Kickstarter, the world’s largest funding platform for creative projects, announced today that it has passed the $1 billion milestone in pledges. To date, projects have been backed by 5.7 million people in 224 countriesand all seven continents. More than half of that $1 billion has been pledged in the last year, although Kickstarter has been around since 2009.
Crowdfunding is now mainstream, but is Kickstarter’s model the best, and if not, is it sustainable? The traditional Kickstarter donor often receives some sort of tangible reward for their donation, but from a strictly financial point of view, it’s rarely a good investment. In 2009, when Kickstarter launched, the appeal made more sense because while donating to projects was perfectly legal, taking equity in projects in exchange for funding was not. Now, thanks to the JOBS Act, in a lot of ways, it is. Even donors who are passionate enough about projects to donate on Kickstarter would likely prefer a better return on their investment. (It is worth noting that Kickstarter investors include Union Square Ventures, Jack Dorsey, Chris Dixon, Peter Hershberg and others, meaning that if they believe in its continued growth, it’s worth considering why, and assuming that there is a reason.)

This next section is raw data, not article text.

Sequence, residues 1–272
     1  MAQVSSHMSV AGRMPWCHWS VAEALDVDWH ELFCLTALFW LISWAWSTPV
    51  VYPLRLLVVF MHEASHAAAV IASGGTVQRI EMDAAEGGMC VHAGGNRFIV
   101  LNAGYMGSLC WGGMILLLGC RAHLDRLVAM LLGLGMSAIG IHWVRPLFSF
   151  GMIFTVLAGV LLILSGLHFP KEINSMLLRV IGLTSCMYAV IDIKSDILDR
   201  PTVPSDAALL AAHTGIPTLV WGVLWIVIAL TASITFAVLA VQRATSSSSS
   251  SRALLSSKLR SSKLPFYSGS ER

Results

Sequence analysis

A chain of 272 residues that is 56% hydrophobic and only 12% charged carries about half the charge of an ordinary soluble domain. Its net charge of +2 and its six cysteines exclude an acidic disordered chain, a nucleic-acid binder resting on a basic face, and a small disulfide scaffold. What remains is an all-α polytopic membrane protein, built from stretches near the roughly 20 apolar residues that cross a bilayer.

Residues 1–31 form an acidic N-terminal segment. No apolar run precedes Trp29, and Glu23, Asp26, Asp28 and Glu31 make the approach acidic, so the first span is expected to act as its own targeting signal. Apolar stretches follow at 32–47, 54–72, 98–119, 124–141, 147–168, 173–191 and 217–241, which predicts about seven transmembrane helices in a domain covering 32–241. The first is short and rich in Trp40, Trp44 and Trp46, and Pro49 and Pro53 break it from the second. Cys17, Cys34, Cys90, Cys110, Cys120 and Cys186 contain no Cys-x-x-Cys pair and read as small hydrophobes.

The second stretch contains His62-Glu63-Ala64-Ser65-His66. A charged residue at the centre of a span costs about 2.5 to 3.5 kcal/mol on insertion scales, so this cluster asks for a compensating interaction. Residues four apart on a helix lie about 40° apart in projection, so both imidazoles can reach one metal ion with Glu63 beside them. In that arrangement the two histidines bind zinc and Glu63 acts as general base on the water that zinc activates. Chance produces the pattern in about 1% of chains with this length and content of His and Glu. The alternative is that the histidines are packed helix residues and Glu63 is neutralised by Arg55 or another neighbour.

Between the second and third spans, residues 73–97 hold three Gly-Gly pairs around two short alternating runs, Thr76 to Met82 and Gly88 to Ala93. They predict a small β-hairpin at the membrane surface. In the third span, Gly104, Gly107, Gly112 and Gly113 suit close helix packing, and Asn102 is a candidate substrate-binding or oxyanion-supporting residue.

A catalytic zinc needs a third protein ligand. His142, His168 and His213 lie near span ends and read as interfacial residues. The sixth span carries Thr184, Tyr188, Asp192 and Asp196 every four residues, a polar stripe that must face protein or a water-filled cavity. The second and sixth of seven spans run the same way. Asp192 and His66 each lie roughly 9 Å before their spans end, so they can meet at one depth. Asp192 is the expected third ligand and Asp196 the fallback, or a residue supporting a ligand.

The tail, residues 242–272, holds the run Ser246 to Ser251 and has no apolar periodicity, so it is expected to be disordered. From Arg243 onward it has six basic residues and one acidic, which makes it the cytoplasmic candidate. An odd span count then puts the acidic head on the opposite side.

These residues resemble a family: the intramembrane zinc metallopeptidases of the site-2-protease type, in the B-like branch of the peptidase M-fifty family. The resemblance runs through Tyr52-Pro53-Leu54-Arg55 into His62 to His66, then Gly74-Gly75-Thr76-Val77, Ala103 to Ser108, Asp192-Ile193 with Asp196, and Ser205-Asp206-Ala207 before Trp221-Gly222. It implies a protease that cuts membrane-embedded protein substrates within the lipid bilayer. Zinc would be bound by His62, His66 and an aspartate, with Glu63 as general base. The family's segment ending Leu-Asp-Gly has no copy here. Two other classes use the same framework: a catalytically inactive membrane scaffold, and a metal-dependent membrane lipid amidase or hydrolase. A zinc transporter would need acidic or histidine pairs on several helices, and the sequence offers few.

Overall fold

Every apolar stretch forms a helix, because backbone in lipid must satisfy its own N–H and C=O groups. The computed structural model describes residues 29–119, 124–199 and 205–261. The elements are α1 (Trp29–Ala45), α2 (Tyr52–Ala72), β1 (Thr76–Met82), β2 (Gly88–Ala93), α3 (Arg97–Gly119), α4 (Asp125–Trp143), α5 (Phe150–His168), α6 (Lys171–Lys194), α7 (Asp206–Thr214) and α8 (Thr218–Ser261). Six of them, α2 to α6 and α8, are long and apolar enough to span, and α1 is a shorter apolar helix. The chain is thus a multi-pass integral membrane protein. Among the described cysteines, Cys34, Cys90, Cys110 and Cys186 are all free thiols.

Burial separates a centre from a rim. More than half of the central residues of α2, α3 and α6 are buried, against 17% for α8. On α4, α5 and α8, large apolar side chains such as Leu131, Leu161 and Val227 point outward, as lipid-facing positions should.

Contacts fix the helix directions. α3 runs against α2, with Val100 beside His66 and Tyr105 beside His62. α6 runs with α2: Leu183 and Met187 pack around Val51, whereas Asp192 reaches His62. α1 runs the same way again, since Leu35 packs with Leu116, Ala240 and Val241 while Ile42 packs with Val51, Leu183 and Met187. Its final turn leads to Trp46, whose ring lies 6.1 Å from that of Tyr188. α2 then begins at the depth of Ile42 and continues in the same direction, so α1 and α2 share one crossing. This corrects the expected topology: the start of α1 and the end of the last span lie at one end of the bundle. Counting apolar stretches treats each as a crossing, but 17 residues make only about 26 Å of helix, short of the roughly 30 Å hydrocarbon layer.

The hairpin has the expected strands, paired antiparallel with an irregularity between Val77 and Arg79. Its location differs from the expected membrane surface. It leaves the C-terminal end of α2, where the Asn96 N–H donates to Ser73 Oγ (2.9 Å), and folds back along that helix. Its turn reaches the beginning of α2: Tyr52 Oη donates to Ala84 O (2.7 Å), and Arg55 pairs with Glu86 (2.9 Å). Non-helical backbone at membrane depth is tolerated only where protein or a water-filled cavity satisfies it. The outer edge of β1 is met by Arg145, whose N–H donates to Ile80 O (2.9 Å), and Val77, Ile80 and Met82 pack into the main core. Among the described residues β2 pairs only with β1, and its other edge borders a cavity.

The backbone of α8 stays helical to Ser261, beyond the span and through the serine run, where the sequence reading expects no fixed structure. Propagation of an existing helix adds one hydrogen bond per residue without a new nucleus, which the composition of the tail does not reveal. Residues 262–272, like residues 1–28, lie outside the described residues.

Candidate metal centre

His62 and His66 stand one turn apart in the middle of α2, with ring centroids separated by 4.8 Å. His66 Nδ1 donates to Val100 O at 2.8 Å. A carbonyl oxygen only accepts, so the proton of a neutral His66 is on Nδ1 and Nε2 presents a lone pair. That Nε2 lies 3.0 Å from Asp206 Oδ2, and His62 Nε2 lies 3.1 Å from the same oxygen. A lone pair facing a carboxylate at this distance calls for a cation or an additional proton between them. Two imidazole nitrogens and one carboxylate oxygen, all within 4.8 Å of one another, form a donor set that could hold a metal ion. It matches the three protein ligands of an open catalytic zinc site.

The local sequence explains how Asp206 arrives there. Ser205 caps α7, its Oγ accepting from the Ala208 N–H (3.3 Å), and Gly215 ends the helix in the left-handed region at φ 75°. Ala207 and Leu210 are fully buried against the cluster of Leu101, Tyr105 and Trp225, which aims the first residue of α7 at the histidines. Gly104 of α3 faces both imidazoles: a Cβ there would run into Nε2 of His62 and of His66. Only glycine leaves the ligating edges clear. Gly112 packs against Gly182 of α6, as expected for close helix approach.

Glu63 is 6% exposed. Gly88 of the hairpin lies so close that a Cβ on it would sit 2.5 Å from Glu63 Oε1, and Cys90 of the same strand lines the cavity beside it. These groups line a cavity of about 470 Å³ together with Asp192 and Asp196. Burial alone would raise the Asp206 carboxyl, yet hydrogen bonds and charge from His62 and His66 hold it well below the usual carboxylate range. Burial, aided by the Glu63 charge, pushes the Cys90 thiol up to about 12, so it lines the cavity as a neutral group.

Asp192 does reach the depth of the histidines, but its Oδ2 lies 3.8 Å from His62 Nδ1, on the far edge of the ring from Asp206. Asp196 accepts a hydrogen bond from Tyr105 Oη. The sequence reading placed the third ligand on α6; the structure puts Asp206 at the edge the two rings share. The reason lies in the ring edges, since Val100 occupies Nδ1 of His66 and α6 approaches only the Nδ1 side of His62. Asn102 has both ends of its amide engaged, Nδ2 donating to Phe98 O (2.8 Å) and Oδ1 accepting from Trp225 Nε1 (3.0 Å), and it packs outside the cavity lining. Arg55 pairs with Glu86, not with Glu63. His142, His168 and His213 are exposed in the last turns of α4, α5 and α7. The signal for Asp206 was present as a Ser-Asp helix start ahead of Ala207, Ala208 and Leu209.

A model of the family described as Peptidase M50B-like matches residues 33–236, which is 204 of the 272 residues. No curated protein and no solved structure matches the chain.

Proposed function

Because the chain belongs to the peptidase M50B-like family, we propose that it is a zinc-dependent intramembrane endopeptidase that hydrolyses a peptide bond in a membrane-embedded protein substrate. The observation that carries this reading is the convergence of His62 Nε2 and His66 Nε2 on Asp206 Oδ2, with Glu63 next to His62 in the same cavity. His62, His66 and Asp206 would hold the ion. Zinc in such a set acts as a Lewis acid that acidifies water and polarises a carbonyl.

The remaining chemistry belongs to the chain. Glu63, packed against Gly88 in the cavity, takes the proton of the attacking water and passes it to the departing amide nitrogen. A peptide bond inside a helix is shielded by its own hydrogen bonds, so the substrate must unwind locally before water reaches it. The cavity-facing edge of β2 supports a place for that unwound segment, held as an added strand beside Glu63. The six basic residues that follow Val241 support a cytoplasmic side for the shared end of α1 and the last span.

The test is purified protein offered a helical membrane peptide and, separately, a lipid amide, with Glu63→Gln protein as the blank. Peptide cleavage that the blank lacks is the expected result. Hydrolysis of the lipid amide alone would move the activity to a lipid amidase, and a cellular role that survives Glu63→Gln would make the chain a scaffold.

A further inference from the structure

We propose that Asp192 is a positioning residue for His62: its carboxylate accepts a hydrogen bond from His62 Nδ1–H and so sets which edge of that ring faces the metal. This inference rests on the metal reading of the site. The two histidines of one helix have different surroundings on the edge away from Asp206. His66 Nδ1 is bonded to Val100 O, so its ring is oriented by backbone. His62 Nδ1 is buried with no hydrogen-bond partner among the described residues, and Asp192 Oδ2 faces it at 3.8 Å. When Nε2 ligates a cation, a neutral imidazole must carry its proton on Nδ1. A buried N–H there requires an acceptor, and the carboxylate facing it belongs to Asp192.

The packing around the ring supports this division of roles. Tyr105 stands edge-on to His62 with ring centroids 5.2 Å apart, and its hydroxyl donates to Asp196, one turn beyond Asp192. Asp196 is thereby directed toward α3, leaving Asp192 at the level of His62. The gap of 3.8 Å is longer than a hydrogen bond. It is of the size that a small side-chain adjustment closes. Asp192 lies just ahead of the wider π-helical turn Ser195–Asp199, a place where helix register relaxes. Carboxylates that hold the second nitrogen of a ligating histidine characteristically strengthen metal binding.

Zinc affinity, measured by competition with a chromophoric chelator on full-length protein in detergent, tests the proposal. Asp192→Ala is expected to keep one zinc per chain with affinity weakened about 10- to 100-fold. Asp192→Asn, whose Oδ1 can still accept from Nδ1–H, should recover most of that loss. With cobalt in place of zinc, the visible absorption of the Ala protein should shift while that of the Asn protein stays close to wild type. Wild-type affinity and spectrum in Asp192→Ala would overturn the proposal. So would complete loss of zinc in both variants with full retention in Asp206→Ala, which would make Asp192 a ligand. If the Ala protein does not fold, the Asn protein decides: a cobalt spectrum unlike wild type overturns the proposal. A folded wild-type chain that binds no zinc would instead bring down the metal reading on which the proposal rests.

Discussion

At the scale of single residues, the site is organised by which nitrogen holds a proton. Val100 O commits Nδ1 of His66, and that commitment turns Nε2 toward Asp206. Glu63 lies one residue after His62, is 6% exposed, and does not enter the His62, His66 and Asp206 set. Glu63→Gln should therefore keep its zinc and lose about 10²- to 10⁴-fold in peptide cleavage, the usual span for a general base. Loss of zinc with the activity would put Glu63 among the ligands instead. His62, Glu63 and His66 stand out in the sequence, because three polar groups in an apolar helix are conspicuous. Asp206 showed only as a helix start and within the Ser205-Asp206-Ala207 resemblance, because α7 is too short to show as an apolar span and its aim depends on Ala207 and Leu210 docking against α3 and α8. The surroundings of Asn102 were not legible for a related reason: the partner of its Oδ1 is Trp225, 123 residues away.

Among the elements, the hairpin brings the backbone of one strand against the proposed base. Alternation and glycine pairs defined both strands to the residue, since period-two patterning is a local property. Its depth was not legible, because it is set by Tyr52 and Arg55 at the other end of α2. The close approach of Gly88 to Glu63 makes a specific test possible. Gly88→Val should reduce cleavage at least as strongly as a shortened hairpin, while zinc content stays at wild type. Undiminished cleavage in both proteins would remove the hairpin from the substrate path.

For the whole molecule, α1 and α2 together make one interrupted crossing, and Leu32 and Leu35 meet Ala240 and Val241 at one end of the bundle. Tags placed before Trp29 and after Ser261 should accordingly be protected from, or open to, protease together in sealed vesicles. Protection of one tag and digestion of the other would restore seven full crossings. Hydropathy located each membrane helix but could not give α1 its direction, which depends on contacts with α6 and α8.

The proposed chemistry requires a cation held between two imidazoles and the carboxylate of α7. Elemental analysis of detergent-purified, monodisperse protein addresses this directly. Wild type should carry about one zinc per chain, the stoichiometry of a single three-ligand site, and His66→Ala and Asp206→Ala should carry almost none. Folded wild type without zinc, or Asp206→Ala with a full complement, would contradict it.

There are now several equity crowdfunding platforms popping up, trying to take advantage of the new rules. But as John Kuo pointed out in a Nerd Wallet post several months ago, it’s not quite as simple as it seems. As you’d expect, once several parties buy into a project rather than just donating to it, the amount of disclosures, record keeping, working with registered brokers and other regulatory measures might make you rethink the whole process.
So, does Kickstarter’s tremendous growth in the past 12 months better represent flawless execution on their part or the emergence of crowdfunding in general? Probably a combination of the two. Will donors become more interested in platforms that allow them to take ownership in projects, or will passion and support continue to outweigh financial gains? I guess we’ll just have to wait and see.
What do you think?